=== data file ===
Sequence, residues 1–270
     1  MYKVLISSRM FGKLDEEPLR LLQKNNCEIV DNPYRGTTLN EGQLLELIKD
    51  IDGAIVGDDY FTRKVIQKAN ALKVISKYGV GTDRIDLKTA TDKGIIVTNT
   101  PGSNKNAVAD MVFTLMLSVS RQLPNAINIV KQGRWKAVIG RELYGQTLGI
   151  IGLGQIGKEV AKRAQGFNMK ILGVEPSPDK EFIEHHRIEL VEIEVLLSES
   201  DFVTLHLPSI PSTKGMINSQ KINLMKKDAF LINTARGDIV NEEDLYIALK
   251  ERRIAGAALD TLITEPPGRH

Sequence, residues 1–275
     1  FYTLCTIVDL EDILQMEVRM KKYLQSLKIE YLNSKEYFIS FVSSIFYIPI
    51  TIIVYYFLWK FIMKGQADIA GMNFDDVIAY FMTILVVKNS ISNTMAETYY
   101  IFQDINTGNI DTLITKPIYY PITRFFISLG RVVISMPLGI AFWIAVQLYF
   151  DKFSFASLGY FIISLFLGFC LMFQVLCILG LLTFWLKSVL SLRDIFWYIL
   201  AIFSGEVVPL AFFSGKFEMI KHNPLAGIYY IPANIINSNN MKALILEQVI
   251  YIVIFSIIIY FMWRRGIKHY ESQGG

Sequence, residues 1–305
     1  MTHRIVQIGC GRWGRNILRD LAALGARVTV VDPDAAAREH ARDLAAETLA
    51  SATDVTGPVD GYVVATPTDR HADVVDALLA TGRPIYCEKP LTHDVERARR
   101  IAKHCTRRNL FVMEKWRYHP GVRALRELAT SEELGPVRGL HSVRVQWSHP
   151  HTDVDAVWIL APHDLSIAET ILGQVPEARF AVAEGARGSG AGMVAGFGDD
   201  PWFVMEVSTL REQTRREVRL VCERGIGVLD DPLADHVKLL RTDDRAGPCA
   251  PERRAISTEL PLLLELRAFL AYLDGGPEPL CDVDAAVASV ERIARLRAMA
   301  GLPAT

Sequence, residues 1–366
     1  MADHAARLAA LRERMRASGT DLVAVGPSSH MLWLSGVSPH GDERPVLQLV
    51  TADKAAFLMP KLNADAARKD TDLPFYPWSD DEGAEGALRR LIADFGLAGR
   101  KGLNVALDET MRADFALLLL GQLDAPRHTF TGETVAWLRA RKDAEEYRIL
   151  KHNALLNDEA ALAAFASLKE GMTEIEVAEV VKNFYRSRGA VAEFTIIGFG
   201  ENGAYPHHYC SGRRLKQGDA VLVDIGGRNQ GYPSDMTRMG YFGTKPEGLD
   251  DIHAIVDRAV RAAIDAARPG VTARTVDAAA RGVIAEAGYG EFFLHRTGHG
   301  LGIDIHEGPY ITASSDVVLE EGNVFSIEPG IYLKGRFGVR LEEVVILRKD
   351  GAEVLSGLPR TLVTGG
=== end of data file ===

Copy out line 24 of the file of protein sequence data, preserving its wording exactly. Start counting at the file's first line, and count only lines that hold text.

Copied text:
     1  MADHAARLAA LRERMRASGT DLVAVGPSSH MLWLSGVSPH GDERPVLQLV